You are here

Helping Malawian girls realise a better future

KAMEME, Chitipa District, Malawi – For two years, Kisa Kaisi’s life looked particularly bleak. The last born of six children, she dropped out of school due to pregnancy in Standard 7. She was just 13 years old. Kisa gave birth to a girl she named Lucy and a year later, she married the child’s father, Samuel Mwapashi. 

For two years they stayed together but she found herself a victim of gender-based violence. They struggled to make ends meet and finally, she decided to leave her husband and return to her parents’ house in Kameme.

It was here that Kisa was approached by volunteers of the Kameme Gender Equality and Women's Empowerment (GEWE) network, who talked to her about going back to school. She was young and they recognised that she had the potential to realize a better future.

I want to tell other girls not to be cheated like I was. I experienced a lot of problems when I got married.
– Kisa Kaisi, 16

Back to school

Kisa agreed to restart her schooling. Now 16 years old, she is in Standard 8 at Ilengo Primary School in Kameme.

“I want to tell other girls not to be cheated like I was. I experienced a lot of problems when I got married and they should not fall into that situation,” she says.

The men and women in the Kameme GEWE network of volunteers work with local leaders to help reduce child marriage and encourage girls to stay in school. The network identifies girls who have dropped out of school due to early marriage or pregnancy and encourage them to continue with their education.

Child marriage linked to abuse

By age 18, about half of all girls in Malawi are married and one in four adolescent girls already have a child. Most of the girls who marry early suffer abuse in their partnerships, including economic abuse, as they are married either to young men who have no means to support their family, or they are taken on as a second or third wife, which means competing for a share of his resources and support.

The community has been very supportive in informing us if there is an incident of child marriage or a girl dropping out of school. – Shenton Kalua, Chairperson of Kameme GEWE network of volunteers

Members of the Kameme GEWE network of volunteers, who assist girls caught in child marriage, as well as girls who are trafficked or defiled.
© UNFPA / Henry Chimbali

“Since we started our work, we have managed to rescue 39 girls from early marriage (before being married); we have helped 20 girls withdraw from marriage (after marriage) and 123 girls return to school (after dropping out for various reasons, including marriage). This community has been very supportive in informing us if there is an incident of child marriage or a girl dropping out of school,” says Shenton Kalua, the Chairperson of Kameme GEWE network of volunteers, and a medical technician at Kamene Health Centre.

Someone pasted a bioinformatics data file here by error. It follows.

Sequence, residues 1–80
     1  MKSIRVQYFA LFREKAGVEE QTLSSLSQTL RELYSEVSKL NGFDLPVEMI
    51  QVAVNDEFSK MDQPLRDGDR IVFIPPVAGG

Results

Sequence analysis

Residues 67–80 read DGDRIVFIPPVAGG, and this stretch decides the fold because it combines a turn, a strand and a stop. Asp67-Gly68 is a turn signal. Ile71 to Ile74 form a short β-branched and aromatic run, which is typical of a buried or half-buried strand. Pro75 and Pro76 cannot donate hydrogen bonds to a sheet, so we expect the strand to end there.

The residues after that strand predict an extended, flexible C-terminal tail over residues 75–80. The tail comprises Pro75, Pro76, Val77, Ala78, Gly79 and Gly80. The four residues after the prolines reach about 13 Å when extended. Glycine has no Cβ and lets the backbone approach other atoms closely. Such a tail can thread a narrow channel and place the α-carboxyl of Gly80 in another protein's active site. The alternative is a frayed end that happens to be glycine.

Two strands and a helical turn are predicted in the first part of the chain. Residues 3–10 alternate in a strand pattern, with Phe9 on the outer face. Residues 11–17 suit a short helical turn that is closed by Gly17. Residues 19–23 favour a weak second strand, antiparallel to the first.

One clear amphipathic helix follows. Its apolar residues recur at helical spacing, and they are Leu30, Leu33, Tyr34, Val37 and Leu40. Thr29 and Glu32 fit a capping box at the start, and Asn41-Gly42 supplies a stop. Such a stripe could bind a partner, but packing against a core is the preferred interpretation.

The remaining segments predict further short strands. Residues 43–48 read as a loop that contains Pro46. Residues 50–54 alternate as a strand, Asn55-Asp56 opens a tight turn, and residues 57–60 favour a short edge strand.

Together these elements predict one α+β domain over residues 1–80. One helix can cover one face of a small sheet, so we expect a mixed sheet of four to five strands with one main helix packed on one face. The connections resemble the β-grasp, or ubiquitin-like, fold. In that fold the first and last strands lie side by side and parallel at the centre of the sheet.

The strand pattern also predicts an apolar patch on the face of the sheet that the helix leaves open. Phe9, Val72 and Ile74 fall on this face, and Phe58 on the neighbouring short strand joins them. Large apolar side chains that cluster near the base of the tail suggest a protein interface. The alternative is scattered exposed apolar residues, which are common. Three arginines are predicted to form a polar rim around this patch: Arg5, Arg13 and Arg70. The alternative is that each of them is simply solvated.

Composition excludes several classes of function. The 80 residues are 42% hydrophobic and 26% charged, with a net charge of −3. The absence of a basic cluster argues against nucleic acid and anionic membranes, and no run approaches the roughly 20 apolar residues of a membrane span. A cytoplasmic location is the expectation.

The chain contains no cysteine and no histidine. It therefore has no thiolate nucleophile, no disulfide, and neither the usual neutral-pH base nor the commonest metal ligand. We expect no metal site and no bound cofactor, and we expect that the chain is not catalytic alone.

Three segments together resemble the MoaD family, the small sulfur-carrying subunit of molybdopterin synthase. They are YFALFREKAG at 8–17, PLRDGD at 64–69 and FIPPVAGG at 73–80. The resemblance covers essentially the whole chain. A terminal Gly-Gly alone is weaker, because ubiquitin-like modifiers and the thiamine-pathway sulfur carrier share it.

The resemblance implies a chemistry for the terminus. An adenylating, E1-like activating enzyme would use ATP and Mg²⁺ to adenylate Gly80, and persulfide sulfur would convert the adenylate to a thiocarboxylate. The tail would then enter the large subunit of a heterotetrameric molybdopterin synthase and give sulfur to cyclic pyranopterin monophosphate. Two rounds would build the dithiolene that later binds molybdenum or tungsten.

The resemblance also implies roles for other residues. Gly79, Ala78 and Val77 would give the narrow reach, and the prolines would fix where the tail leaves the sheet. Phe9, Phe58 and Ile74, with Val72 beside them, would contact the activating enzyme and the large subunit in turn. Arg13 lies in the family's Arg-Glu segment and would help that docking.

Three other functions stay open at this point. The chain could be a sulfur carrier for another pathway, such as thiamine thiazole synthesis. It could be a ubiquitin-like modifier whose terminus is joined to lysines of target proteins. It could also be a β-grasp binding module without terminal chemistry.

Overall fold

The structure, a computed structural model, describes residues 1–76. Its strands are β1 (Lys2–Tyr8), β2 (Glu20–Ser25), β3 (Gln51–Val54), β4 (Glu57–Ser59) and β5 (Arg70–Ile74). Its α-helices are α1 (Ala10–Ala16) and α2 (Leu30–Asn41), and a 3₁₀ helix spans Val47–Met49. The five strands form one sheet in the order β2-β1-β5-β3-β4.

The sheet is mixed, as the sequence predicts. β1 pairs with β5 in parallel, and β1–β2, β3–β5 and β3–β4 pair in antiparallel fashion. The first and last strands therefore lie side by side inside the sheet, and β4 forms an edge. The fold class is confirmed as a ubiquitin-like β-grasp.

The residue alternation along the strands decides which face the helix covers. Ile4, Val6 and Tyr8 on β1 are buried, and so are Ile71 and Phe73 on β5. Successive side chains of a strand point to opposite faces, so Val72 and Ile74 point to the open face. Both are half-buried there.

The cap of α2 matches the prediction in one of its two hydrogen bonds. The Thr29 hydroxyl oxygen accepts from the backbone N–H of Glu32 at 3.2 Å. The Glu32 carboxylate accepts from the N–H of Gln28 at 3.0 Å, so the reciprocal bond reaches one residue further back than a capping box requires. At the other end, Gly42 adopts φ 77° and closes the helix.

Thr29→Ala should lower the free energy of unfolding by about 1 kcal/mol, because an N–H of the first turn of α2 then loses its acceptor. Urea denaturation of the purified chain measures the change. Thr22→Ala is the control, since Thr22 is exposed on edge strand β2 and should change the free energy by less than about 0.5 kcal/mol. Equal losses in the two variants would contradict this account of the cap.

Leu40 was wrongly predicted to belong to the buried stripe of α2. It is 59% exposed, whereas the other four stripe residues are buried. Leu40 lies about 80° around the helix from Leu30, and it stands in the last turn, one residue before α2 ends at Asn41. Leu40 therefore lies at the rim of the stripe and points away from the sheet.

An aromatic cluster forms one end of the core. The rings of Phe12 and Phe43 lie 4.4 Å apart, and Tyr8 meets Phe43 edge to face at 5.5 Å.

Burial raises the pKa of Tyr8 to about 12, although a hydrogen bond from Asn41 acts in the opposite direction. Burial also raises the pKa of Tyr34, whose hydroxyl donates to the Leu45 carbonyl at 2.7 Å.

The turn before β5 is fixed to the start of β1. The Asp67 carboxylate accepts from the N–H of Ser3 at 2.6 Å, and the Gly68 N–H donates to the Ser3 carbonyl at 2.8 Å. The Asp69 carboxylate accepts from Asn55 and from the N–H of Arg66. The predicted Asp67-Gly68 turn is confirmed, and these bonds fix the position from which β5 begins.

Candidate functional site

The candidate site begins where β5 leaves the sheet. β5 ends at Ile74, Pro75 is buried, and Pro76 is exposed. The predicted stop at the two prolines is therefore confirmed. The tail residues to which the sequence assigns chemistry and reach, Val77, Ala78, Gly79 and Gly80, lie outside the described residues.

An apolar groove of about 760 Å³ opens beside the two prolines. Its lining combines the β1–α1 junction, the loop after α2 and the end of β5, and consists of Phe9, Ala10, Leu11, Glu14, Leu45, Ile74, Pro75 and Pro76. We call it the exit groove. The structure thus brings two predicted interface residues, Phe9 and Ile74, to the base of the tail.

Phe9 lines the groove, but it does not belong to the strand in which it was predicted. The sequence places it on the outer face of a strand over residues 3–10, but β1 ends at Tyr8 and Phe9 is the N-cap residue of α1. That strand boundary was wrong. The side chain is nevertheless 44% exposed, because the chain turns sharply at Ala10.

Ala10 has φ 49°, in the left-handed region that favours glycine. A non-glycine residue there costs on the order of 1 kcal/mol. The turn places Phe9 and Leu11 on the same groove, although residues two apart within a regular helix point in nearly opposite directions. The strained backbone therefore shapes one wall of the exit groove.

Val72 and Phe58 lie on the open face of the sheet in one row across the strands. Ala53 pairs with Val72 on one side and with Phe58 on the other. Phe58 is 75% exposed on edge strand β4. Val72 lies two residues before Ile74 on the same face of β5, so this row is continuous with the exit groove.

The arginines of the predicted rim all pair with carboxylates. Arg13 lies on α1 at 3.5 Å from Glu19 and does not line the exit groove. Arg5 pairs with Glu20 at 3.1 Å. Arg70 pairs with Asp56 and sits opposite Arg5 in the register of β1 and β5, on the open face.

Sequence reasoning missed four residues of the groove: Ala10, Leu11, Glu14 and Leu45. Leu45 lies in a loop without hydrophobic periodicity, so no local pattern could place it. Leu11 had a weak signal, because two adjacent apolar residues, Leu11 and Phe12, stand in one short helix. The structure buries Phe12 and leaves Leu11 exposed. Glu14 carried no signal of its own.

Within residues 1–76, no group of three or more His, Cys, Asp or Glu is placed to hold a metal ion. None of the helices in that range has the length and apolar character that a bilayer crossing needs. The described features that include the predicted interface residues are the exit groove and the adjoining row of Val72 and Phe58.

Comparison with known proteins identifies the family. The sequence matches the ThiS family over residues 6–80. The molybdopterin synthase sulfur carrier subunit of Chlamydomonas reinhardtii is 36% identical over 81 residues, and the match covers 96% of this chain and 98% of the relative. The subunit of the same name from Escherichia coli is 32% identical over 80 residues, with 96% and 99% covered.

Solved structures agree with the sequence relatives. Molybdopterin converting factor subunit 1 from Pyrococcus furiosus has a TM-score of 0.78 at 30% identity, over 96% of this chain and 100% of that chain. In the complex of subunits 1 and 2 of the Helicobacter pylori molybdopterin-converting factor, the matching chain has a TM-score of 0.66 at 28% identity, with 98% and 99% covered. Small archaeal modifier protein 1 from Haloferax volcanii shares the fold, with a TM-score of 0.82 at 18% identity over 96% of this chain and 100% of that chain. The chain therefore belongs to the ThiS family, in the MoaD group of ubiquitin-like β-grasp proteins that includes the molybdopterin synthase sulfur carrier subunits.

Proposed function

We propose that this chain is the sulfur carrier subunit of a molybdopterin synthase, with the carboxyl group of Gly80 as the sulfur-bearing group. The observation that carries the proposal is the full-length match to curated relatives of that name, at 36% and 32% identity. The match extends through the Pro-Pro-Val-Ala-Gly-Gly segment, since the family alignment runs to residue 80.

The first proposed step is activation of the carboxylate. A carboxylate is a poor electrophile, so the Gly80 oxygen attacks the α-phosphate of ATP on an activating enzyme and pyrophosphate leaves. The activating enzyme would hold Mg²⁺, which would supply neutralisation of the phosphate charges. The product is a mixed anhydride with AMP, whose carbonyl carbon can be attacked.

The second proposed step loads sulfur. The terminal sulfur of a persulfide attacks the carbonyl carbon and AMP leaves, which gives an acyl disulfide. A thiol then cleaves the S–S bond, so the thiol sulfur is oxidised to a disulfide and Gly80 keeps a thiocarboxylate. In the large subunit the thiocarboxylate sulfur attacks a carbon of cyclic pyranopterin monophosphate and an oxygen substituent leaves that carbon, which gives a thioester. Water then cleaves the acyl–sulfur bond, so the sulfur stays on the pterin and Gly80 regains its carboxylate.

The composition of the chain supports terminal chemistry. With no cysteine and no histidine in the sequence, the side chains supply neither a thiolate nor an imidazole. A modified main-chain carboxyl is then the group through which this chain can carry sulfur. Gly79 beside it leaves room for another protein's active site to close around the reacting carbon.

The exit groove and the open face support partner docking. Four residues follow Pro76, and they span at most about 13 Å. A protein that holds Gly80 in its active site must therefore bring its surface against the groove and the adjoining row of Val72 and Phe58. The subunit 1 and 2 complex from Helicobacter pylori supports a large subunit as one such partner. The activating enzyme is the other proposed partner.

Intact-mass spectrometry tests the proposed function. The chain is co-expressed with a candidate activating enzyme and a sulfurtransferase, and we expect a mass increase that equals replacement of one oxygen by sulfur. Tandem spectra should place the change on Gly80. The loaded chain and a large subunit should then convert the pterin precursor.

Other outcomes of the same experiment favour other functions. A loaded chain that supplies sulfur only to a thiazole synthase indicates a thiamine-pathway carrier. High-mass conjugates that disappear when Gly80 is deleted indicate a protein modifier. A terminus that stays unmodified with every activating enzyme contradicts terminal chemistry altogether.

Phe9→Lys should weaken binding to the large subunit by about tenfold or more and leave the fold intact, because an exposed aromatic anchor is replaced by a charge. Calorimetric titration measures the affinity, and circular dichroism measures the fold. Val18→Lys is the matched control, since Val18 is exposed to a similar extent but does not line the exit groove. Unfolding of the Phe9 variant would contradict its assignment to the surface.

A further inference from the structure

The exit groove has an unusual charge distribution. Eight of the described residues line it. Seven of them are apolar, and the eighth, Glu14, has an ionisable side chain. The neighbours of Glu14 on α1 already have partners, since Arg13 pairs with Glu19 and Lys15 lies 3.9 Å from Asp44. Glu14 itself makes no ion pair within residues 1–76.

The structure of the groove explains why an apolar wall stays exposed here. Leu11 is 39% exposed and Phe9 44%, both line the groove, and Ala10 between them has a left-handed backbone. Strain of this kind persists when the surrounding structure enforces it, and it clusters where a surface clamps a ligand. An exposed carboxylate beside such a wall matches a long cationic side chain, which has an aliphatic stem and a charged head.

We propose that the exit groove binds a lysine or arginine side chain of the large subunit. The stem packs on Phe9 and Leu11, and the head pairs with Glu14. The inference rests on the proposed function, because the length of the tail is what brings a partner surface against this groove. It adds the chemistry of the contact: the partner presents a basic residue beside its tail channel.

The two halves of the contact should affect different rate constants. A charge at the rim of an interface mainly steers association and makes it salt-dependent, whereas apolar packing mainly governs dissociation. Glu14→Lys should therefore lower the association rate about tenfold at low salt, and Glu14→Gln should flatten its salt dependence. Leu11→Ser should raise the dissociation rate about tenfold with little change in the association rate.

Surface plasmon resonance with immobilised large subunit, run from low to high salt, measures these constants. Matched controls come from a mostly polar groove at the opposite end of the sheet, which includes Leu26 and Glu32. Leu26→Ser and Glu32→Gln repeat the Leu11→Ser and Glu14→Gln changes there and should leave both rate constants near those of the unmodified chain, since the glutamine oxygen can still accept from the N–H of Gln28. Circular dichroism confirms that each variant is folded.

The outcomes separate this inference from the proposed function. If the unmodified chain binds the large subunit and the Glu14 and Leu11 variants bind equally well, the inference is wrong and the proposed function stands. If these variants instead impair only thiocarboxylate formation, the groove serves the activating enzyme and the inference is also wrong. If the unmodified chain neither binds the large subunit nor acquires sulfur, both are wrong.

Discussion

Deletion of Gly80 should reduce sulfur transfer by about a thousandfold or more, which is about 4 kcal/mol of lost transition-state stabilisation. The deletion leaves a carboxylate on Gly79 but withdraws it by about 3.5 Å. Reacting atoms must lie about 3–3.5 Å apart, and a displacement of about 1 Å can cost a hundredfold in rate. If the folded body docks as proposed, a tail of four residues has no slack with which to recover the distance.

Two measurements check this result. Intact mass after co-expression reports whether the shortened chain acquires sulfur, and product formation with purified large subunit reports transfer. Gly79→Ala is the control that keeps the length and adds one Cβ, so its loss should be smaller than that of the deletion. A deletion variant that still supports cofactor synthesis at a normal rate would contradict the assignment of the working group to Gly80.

The network has been vigilant in its work. The girls who returned to school have remained in school; six girls have graduated from secondary school and two have also qualified for professional courses.

Established in 2013, the Kameme GEWE network of volunteers is also involved in reducing cases of child trafficking and defilement (under-age sex), with the members reporting any such cases to the police. More than 50 girls have been rescued and withdrawn from child marriage, while 12 cases of defilement and rape have been lodged with the police.

GEWE in Malawi

Since 2012, the European Union and UNFPA, the United Nations Population Fund have been supporting the Ministry of Gender, Children, Disability and Social Welfare to coordinate implementation of the GEWE Programme. It supports the government’s commitment to reduce gender inequalities between women, men, girls and boys in accessing productive resources and development opportunities. It also promotes decision-making to contribute positively to the Malawi Growth and Development Strategy II.

Girls in Malawi face a myriad interrelated challenges – social, economic, protective and health – that inhibit their access to education. In 2012, 58 per cent of girls dropped out of school and of those remaining, 18 per cent became pregnant and 8 per cent got married, according to data from the National Statistics Office.

Less than 25 per cent of girls finish primary school. The low retention rate is largely attributed to harmful cultural practices (such as initiation ceremonies at which girls are encouraged to experience sex, which may lead to pregnancy), lack of age-appropriate reproductive health information and knowledge, and poor use of health services. If readily available, these services could assist in reducing school drop-out by preventing pregnancy and reducing the transmission of sexually transmitted diseases, including HIV.

Today, Kisa is grateful for the Kameme GEWE intervention. Since she was helped back into the schooling system she has flourished: “I am doing well in school, based on my recent results. I want to be a nurse when I finish school. I want to be an example to other young girls,” she says.

By Henry Chimbali